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The POWER of Influencer Marketing FOR Beauty Brands

influencer marketing for beauty brands

The influence YouTube beauty vloggers maintain over their subscribers is undeniable. With 73% of Millennials viewing it as their responsibility to guide friends, peers, and family toward smart purchase decisions, beauty influencers exercise the power to deliver honest and credible feedback regarding the legitimacy of brand claims. A mascara that lengthens lashes by 10x? We will see about that.

Their opinions can make or break the launch of a new product and subsequent reputability of a brand. For example, take the top 200 most-viewed beauty videos on YouTube; 86% were filmed by bloggers whilst only 14% where by beauty brands. Therefore, when we talk about the ‘power’ of YouTube, we are talking about that incomparable authenticity unique to real people, with real opinions.

With the influencer market continuing to expand at a rapid speed, and the potential for exposure and positive sentiment leading to a consequent spike in sales, it is obvious why leading brands are turning to these self-made beauty gurus. What is compelling is how brands are increasingly using and applying innovative approaches to influencer marketing to generate consumer engagement.

Since the boom of the beauty vlogger in the late noughties (one word, Zoella), brands have evolved their marketing strategies to encapsulate such authenticity, be it through affiliation, imitation or collaboration.

Take Loreal for example. Back in 2016, they increased their market share and improved brand reputation through deploying their first ever influencer-led campaign. In support of the release of the True Match foundation range, Loreal launched the #YoursTruly campaign; sourcing a diverse mix of YouTube influencers to establish the range as inclusive and credible. Since the campaign, and further collaboration with YouTuber’s, L’Oréal has since experienced a positive uplift in sentiment as well as sales. 

Becca’s product collaboration with YouTube beauty vlogger, Jaclyn Hill, of a limited edition ‘champagne pop’ highlighter, is another example of a brand nailing it. Drawing on Jaclyn’s, at the time, 3 million subscribers and personable approach, Becca broke Sephora’s record to become the store’s most-purchased product on its first day of release alone selling out 25,000 units in 20 minutes. This initial success propelled Becca from relatively unknown, with a consumer brand recognition of 0.5%, to a brand with a two million strong Instagram following. In late 2016 the company was then sold on to Estee Lauder for a reported 200 million.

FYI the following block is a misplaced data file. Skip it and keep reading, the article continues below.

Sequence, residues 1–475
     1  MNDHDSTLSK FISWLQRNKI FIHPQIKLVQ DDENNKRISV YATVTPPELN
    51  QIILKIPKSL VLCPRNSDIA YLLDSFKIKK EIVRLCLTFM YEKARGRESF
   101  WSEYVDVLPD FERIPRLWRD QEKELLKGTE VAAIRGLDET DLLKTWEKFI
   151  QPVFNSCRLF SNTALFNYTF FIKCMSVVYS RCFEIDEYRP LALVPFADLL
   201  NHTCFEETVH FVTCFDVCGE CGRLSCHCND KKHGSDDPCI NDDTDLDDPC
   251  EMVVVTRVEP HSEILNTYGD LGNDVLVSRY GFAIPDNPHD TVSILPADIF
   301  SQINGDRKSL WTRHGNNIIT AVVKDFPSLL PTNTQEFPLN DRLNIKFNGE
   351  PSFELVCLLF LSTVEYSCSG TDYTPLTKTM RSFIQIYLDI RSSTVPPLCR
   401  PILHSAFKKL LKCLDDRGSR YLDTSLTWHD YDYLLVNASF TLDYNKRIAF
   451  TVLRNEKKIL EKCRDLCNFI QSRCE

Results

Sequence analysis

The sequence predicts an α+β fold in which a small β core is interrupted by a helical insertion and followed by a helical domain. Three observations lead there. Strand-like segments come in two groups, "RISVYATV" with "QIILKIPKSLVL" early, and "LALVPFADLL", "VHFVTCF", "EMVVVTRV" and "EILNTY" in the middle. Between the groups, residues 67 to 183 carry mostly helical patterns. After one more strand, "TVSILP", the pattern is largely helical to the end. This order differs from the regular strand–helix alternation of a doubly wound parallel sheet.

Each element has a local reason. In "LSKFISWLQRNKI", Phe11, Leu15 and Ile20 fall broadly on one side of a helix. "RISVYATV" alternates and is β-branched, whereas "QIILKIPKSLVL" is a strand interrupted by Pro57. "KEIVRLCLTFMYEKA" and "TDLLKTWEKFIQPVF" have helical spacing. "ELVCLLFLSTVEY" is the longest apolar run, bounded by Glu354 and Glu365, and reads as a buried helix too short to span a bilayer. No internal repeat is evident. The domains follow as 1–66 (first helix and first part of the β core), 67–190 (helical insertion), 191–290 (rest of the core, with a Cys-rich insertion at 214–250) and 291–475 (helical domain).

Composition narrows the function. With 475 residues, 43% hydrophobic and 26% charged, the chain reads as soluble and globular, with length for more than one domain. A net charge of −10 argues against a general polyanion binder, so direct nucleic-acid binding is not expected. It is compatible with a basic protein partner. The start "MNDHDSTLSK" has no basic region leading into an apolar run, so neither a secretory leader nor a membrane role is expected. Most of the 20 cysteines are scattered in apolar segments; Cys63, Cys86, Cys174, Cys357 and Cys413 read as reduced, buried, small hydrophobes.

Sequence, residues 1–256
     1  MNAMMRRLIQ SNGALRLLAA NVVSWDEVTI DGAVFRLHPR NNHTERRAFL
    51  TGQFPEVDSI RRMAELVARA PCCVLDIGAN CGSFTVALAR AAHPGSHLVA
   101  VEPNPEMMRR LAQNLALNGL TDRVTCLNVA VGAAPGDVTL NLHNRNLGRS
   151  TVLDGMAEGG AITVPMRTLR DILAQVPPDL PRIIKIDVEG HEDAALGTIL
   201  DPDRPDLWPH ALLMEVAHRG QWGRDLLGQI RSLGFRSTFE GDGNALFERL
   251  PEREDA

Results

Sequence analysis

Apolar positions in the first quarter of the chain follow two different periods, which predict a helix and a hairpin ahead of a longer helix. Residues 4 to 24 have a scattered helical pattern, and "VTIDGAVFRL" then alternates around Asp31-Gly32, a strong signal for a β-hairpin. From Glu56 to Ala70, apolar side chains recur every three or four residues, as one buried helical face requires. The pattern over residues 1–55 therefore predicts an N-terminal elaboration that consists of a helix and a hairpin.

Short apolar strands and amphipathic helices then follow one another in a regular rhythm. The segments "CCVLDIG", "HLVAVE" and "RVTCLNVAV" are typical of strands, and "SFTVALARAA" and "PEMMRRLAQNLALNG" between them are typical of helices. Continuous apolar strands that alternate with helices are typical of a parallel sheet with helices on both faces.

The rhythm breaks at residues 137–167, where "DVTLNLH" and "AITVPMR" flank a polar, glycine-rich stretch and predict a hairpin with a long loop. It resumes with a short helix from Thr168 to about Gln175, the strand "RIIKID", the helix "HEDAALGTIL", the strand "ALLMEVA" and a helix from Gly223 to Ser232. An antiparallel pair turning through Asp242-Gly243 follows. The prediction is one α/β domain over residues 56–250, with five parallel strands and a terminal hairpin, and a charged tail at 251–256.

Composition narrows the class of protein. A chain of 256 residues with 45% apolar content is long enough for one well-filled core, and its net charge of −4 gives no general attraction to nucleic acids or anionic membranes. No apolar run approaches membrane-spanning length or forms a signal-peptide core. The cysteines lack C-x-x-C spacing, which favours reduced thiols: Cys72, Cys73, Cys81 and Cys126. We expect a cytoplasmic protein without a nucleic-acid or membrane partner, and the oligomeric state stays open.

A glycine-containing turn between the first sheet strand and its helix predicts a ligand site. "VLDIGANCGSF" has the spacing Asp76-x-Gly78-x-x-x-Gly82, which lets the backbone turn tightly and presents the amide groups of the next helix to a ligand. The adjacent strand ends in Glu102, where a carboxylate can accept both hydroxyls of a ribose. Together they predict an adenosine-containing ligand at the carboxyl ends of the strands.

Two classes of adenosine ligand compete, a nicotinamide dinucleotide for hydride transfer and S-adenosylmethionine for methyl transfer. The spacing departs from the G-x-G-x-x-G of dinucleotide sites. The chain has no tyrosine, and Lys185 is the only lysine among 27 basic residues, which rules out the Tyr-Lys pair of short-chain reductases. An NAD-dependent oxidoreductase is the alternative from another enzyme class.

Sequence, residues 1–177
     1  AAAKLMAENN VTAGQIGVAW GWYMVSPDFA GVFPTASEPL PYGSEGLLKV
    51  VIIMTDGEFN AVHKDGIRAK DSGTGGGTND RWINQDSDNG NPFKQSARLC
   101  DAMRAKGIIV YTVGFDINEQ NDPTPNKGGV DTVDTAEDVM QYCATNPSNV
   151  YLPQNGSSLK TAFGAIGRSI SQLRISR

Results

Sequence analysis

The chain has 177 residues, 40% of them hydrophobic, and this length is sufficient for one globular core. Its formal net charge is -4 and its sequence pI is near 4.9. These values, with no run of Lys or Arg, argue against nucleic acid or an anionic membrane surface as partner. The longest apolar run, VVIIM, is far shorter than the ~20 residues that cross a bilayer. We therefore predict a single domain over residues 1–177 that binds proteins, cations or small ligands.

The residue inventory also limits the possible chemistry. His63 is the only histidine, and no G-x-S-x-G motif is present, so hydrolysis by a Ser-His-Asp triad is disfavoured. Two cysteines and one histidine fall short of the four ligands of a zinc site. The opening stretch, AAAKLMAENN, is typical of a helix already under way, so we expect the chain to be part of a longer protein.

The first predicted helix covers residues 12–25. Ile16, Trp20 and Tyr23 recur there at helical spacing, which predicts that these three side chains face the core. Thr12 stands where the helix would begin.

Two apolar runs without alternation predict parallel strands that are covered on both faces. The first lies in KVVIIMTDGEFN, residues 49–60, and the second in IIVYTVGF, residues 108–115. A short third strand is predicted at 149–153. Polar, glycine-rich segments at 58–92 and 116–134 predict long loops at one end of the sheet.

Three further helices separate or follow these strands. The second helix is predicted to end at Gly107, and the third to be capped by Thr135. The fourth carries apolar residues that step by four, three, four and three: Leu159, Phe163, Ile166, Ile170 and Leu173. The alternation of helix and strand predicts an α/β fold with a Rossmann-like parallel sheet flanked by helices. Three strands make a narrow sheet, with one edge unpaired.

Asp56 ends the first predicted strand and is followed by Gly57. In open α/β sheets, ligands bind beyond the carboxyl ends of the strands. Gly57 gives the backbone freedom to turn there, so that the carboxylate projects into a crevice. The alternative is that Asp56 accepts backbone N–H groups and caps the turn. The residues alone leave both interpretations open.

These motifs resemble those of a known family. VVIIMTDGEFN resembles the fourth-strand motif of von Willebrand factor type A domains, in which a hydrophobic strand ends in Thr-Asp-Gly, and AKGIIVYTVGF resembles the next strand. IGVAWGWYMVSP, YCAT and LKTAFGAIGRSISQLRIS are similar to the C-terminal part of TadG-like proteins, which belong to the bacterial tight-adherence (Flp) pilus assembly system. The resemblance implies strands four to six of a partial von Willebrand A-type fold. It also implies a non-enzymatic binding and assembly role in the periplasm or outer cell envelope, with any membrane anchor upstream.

However, failure to recognise an audience’s needs, overpricing and portraying a lack of diversity can lead to a financial and reputational loss for both YouTuber and brand. YouTube has the power to reward and ruin, as Benefit Cosmetics found with their collaboration with five big beauty YouTuber’s for their Beauty Stowaway set. The set received huge online backlash for products which were suitable for white skin only, unoriginal and minuscule in size.

In summary, if done well, YouTube influencers offer brands countless opportunity to engage an audience they would otherwise have limited access to and derive credibility not found in traditional advertisements. However, with the influencer market becoming more cluttered with beauty brand affiliations, it is questionable whether YouTuber’s can continue to maintain such reliability and, in turn, power.

influencer marketing for beauty brands


What is Influencer Marketing? What's the future of Influencer Marketing? How do you use Influencers in the most effective way? Influencer Marketing Strategy? Well tune in, today's vlog is all about the above. Christina and Majid, headed out to speak to a design agency in London about all things Influencer Marketing and Social Marketing.